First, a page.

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"Just be who you are, calm and clear and bright." - Richard Bach, Illusions: The Adventures of a Reluctant Messiah

Imaginary Girls: a Q&A with Nova Ren Suma

Imaginary-GirlsWhen I was a teenager I posted a picture from a Mary Engelbreit calendar on Kate’s bedroom door. BE KIND TO THY SISTER, it says (it’s still up there).  Not many may know the depths of true sisterly love.  And in the narrow white space above the illustration I wrote, HINT HINT! But my sister doesn’t need the hint. We are grateful for each other every day.

You may recall that I know Nova Ren Suma from our time at Yaddo last spring. I loved her even before we met in person, and her relationship with her little sister is a big part of why. It was something we had in common–Nova knows the depths, and her brand-new novel, Imaginary Girls, proves it. This lovely, haunting, heartbreaking novel simply could not have been written by a girl without a sister.

They forgot who she was:
Something fantastic we could never explain. Someone better and bolder than every one of us. Someone to paint murals and build bridges for. Someone worth every ounce of our love.

So I’ve got two treats to offer up this fine Monday morning: a copy of Imaginary Girls (which Nova signed over dinner last week) and a Q&A with my friend the author. As you can see, Nova managed to pack a whole lot of awesomeness into only three questions!:

1. Do you have any special writerly rituals and/or superstitions?

I can be a bit superstitious about writing, and much of it has to do with a great and everlasting fear that all of this will disappear and no longer be “real.” I don’t like talking about novels in detail out loud before I’m sure they’re going to be published. I think I learned my lesson–it felt so at the time–from talking about novels-in-progress before, or talking about an agent request, or something that felt “real” but turned out to burst into nothingness. So I keep my novels close until I feel it’s okay to talk about them out loud, because I just don’t know. (Really, you never know.)

My writerly rituals have included writing with a scarf over my head, like a laptop-size tent, writing forward and never letting myself skip around–a rule I’ve since broken with the novel I’m writing now that I can’t talk too much about since… you know why–and the usual caffeine-related routines to jump start the pages. Fact is, I could use a few magic rituals for when I’m feeling stalled… Taking suggestions!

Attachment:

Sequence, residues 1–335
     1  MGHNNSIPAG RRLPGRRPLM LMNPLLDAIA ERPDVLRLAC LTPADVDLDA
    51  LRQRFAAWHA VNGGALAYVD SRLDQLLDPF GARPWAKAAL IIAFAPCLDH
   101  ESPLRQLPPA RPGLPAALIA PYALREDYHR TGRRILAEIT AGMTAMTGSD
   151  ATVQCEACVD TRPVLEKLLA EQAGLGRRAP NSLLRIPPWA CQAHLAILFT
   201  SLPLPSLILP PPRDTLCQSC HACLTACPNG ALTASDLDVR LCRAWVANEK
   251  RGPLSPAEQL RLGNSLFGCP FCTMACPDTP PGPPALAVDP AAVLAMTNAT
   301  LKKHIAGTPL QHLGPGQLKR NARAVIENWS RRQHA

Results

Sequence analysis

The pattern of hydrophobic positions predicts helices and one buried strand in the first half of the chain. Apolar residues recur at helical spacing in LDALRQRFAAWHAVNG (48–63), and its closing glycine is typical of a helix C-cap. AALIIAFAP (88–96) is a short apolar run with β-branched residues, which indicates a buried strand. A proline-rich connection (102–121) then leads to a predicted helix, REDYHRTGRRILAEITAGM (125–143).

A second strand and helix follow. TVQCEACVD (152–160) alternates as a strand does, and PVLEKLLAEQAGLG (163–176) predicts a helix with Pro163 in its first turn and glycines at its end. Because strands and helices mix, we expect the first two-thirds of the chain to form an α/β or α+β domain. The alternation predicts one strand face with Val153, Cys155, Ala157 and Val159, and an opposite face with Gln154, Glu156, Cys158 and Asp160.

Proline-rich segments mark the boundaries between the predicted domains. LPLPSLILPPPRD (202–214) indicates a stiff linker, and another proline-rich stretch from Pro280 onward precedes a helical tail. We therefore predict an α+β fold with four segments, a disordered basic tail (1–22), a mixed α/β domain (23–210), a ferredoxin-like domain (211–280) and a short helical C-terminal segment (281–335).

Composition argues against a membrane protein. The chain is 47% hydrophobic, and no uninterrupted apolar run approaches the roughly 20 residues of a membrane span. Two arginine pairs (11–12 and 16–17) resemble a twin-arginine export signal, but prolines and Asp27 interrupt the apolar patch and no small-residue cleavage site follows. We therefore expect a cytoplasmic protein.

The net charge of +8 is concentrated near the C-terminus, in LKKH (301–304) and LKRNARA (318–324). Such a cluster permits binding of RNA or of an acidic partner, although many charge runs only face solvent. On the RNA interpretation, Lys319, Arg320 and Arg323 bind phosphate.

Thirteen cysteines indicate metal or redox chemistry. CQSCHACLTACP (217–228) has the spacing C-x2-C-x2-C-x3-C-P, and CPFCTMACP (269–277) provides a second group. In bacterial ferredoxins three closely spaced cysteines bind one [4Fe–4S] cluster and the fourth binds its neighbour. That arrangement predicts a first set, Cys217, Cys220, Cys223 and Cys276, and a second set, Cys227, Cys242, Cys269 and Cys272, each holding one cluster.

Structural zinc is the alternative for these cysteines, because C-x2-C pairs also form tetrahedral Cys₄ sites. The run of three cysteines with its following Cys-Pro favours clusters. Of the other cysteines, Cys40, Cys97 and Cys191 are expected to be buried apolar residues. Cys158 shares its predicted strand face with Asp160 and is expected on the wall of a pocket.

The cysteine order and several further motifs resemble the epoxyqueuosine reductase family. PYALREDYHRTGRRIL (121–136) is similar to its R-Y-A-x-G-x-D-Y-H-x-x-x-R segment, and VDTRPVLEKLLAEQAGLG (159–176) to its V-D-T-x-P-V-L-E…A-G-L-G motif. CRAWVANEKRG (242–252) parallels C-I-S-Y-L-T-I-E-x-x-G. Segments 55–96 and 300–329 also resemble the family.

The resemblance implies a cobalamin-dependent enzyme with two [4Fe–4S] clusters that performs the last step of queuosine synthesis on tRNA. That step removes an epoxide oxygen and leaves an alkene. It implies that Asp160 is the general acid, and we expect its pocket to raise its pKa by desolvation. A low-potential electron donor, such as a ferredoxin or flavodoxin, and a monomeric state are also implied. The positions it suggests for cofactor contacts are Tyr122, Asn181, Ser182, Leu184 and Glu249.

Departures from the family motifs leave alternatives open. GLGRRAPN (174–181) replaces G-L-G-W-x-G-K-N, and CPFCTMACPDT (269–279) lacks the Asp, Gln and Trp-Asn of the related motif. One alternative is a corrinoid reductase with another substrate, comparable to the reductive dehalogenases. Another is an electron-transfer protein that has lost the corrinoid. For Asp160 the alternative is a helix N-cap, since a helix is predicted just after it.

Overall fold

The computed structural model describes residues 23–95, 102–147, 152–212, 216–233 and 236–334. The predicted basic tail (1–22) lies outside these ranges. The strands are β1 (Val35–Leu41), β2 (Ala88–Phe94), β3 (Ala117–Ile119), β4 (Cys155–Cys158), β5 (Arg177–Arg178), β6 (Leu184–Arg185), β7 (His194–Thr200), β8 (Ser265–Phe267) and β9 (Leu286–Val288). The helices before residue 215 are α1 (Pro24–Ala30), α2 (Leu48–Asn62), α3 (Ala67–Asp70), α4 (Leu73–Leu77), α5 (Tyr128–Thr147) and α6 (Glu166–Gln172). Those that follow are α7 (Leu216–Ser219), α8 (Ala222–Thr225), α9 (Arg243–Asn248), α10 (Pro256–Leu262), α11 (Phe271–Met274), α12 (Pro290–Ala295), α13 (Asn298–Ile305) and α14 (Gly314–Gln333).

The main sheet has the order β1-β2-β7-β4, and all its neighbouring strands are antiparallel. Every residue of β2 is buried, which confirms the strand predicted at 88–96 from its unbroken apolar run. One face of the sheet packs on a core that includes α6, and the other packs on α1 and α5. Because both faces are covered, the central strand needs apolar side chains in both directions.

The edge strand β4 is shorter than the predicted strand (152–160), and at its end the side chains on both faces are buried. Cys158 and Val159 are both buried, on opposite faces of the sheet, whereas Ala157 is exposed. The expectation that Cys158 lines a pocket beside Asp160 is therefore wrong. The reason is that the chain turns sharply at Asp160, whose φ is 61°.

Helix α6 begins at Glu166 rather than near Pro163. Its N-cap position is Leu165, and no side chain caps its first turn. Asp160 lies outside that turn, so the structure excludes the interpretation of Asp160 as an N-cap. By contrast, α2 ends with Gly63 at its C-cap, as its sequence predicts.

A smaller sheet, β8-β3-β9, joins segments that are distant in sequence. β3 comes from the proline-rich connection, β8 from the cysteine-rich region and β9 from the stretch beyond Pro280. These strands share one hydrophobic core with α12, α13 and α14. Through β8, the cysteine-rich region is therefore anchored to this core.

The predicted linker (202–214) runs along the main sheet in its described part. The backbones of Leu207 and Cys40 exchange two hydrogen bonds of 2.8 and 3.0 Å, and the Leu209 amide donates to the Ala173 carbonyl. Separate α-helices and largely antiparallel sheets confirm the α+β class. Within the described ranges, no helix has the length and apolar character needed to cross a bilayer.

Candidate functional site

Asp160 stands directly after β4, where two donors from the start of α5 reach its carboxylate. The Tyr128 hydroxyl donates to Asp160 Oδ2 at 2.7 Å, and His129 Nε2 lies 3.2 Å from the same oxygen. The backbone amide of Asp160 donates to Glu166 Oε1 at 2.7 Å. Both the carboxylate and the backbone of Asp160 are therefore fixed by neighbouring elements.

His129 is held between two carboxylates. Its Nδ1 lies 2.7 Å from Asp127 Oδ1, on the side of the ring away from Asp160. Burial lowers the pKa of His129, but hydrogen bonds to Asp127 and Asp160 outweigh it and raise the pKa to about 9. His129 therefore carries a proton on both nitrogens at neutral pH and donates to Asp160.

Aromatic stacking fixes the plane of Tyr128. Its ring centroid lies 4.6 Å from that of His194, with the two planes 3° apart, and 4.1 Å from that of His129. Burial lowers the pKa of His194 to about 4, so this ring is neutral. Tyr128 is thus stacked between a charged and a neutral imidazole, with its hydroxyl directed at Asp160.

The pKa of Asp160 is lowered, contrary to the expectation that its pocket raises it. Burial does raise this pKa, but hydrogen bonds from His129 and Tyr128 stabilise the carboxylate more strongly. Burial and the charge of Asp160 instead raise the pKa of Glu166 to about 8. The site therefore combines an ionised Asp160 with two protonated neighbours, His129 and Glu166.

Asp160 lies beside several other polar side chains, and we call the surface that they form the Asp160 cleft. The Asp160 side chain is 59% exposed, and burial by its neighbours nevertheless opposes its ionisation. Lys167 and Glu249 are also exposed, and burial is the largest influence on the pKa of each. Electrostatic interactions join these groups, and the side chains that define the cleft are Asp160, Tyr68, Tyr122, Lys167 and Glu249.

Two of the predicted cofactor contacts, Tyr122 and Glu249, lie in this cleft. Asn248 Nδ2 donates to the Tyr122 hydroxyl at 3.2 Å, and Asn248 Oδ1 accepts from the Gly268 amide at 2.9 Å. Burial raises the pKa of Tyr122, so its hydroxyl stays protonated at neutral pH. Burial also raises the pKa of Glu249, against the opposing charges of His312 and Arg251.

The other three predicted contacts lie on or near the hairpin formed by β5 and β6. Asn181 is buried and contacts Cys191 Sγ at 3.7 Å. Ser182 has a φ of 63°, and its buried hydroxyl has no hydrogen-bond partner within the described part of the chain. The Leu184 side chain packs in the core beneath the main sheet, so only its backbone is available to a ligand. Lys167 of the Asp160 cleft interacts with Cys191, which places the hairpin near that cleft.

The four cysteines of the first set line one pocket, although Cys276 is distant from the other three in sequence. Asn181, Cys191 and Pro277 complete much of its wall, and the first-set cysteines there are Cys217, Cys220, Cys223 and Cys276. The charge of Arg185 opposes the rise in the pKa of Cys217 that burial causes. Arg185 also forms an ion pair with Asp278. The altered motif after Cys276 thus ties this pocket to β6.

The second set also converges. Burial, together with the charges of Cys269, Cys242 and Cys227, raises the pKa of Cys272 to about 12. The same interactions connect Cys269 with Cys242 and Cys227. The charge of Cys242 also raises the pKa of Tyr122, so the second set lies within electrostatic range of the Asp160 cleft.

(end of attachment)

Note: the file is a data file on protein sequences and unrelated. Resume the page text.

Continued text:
2. Which do you feel is the very best line you’ve ever set to paper?

A very long time ago, before I published a novel, I wrote a blog post about a paragraph that “I’d save from a burning building.” By this I meant that it was the best thing I’d ever written, and out of the 500-page monstrous manuscript otherwise known as my first attempt at writing a novel, it was the only thing I couldn’t live without saving. You can read my passionate treatise on the paragraph here. I felt so strongly about that paragraph, so deeply in love with it, that I vowed I’d do something with it.

Maybe I wrote that whole novel only for this single paragraph, I told myself. I can’t let it die.

But… I did let it die. I had to. I had to move on and write other novels. (I hope readers of your blog remember your beautiful, important post about letting go of early novels.)

So I think that paragraph I blogged about may be the best thing I’ve ever written, since I’ve never felt so confident about a piece of writing before or since. And maybe this unknown and unpublished paragraph feels more beautiful because I can’t now find it on my hard-drive, even though I just went searching. Maybe that’s how it’s meant to be: the best thing I’ve ever written is a mystery even to me.

 

3. Desert island reading list. Five titles. Go!

The Last Life by Claire Messud–I never tire of rereading this novel

Invisible Cities by Italo Calvino–I could read this a hundred thousand times and always discover something new

The Bloody Chamber by Angela Carter–so lush and twisted, I want to read this again and again and again

A collection of Alice Munro short stories–comfort food

And, especially as this one might give me some useful survival tips, Beauty Queens by Libba Bray

 

[Ed: Funny thing–well, not really, because the book is amazing–The Bloody Chamber is on Deirdre’s desert island reading list as well. Mine too. And thanks for all the other great recommendations, Nova!]